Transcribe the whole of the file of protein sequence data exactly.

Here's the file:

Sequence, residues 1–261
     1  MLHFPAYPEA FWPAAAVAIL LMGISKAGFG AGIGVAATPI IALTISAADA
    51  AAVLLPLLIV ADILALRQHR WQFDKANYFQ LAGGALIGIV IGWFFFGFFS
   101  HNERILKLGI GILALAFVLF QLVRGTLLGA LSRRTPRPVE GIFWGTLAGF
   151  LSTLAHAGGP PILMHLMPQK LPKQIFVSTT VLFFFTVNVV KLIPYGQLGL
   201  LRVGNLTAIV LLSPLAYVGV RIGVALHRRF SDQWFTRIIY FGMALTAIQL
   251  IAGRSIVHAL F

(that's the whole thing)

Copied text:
Sequence, residues 1–261
     1  MLHFPAYPEA FWPAAAVAIL LMGISKAGFG AGIGVAATPI IALTISAADA
    51  AAVLLPLLIV ADILALRQHR WQFDKANYFQ LAGGALIGIV IGWFFFGFFS
   101  HNERILKLGI GILALAFVLF QLVRGTLLGA LSRRTPRPVE GIFWGTLAGF
   151  LSTLAHAGGP PILMHLMPQK LPKQIFVSTT VLFFFTVNVV KLIPYGQLGL
   201  LRVGNLTAIV LLSPLAYVGV RIGVALHRRF SDQWFTRIIY FGMALTAIQL
   251  IAGRSIVHAL F